Rodola’s menus are based on what suppliers can offer.
For the restaurant industry, litter is almost inevitable. The kitchen staff threw the onion skins and fat in the trash. Single-use plastic packaging and paper table runners on tablecloths also end up in the trash. Restaurants order plastic bags in bundles, and customers pack food in these bags and throw it away when they go home.
But Rodola’s approach to trash in Brooklyn, New York, is a little different.
The restaurant’s philosophy is “zero waste”, which means no waste or food waste, not even a traditional trash can. There are some similar restaurants in other cities around the world.
The goal of these restaurants is to make a profit while reducing their impact on the environment and to try to create an eco-friendly image in the minds of customers. This idealistic concept has many challenges in the process of realization. For example, it requires manufacturers and suppliers to provide degradable packaging, and it also needs to consider how to recycle used appliances.
”We’re in the service business,” said Henry Ritchie, co-owner of Rodola’s. “We can’t attribute the waste and carbon footprint to our customers after we’ve created a great night for everyone.”
According to a report released by Food Recycling, a nonprofit organization dedicated to reducing food waste, U.S. restaurants waste 11.4 million tons of food each year, equivalent to $25.1 billion. The U.S. Environmental Protection Agency found that food waste and packaging account for 45 percent of all waste that goes to landfills.
Cooperative bakeries and butchers pack bread, pickles and eggs in reusable plastic boxes and hire cyclists to deliver the goods.
Replace plastic wrap with beeswax wrap.
Any leftover food from customers will be handed over to a composter for processing.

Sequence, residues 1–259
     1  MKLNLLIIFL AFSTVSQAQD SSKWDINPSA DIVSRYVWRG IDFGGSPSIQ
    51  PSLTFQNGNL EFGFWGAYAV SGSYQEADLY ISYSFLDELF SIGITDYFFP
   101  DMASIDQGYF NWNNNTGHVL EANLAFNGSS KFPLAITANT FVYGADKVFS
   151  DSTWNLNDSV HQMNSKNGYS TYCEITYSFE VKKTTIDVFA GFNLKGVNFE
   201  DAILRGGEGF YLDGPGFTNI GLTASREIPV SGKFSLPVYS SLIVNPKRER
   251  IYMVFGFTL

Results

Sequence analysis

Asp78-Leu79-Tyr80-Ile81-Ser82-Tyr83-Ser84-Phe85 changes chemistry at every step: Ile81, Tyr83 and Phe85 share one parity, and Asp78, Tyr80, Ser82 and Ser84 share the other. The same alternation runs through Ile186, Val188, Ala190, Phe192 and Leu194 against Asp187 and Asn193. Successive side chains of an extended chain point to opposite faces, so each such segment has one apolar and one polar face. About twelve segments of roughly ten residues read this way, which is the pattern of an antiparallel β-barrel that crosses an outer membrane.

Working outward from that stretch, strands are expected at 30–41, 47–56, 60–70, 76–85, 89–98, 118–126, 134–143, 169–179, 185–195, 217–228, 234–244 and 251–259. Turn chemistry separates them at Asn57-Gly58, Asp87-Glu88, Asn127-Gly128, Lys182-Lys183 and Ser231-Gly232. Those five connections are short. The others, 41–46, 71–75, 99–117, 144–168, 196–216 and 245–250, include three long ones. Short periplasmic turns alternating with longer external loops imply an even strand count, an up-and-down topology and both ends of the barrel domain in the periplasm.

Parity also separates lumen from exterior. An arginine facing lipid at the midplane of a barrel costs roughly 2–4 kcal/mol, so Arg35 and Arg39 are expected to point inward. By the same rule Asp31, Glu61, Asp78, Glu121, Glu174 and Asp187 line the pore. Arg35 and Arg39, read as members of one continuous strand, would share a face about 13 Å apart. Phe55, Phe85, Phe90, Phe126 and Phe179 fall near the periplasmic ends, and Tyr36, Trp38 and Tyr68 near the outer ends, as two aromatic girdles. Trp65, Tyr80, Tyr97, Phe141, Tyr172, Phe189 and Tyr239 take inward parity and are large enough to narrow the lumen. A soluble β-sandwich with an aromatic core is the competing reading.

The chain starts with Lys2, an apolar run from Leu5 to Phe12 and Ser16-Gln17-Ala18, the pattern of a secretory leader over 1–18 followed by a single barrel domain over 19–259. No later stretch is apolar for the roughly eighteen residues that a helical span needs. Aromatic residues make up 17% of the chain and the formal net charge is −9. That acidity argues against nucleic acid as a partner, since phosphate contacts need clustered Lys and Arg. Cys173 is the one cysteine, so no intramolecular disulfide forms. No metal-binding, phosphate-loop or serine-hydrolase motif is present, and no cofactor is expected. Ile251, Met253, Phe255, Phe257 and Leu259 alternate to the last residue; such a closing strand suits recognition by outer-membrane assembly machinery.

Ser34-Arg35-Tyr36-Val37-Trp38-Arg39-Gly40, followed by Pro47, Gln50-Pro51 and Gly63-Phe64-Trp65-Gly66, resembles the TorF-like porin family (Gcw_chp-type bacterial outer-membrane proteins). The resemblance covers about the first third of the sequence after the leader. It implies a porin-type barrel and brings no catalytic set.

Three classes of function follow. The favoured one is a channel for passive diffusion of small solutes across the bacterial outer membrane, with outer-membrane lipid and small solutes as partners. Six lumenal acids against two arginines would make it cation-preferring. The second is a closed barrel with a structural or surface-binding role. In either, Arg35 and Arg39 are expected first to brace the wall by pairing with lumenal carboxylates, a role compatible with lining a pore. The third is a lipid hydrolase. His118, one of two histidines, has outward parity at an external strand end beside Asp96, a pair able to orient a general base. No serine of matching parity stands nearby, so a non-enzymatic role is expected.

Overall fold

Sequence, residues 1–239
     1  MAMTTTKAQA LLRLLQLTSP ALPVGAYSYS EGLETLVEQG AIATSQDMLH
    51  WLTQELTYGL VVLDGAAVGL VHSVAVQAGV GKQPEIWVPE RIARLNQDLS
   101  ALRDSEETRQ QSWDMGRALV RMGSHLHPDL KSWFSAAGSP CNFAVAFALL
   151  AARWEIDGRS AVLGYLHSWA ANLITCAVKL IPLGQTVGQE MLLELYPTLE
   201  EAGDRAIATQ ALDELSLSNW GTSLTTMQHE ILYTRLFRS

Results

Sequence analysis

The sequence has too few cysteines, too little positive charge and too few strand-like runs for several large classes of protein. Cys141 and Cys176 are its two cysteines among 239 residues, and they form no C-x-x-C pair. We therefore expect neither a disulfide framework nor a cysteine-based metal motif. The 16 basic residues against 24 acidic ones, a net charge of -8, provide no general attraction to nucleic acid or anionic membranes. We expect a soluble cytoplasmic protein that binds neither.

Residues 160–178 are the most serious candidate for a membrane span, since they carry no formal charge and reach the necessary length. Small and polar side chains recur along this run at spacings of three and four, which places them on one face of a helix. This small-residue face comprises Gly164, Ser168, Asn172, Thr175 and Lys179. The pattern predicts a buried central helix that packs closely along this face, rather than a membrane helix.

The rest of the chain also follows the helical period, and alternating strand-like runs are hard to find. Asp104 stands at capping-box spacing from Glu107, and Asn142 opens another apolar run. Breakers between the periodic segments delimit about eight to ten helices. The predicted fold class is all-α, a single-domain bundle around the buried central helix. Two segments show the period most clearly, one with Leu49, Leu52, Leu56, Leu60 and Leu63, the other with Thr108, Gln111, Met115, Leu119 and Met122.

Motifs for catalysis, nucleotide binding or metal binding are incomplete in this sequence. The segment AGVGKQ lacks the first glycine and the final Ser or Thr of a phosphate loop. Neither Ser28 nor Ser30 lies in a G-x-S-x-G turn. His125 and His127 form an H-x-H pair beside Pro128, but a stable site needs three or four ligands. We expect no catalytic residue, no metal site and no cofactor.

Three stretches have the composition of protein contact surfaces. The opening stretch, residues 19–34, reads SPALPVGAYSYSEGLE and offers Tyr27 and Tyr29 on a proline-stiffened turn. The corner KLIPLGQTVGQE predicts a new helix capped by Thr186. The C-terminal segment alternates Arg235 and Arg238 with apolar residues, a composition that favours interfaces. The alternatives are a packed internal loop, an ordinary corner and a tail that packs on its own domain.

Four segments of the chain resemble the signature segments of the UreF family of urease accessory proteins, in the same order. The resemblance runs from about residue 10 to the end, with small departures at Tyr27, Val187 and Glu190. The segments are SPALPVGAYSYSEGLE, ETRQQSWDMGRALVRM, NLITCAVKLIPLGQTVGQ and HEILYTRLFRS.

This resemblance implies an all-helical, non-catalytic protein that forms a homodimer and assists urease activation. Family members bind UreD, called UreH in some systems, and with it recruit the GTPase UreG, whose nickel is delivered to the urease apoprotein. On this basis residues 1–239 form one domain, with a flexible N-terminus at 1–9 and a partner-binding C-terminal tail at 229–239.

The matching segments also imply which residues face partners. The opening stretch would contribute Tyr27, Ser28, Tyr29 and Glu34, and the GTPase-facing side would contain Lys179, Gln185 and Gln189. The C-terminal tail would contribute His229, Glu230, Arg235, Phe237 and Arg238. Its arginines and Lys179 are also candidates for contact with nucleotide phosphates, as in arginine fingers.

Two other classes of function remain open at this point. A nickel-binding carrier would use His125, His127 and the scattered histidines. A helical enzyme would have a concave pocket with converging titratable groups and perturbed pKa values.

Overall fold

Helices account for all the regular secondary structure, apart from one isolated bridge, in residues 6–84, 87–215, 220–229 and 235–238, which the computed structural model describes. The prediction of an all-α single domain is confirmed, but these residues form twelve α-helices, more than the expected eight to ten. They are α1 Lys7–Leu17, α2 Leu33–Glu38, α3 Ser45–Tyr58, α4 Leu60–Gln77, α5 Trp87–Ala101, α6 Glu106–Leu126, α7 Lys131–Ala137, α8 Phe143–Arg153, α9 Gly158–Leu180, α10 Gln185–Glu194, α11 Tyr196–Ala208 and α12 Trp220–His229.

The restaurant uses a professional composter.
The restaurant has ordered bins for hard-to-recycle waste.
”The reason ‘zero waste’ isn’t mainstream in the food and service industry is because we’re just starting to realize it. We’re really wasteful,” says Douglas McMaster. McMaster, a chef who also runs the ‘zero waste’ principle at Slow in London, has advised everyone at Rodola.
Harry Chambers is Deputy General Manager of Oberon Restaurant Group and partner at Rodola Restaurant. It took him and Richie 10 months and $50,000 to complete the “zero-waste” remodel of the Rodola restaurant.
They ditched suppliers of single-use plastic packaging for paper shredders that turn wine crates into compostable material, dishwashers that make soap out of salt, and switched to beeswax packaging instead of plastic. These changes are all about reducing waste.
Ritchie said: “These are not some deep secrets, just some specific practices. All we need is to change the business philosophy.”
In the preparatory stage, they spent a lot of time finding suitable suppliers and manufacturers. For example, a cheese maker agreed to remove plastic packaging before delivery, but the packaging ended up being garbage.
Some companies, such as the bakeries and butchers it works with, can accommodate Rodola’s restaurants, which pack bread, pickles and eggs in reusable plastic boxes and hire cyclists to deliver the goods. The shipping company used compostable packaging and paper tape to deliver canned fish to Rodola Restaurant.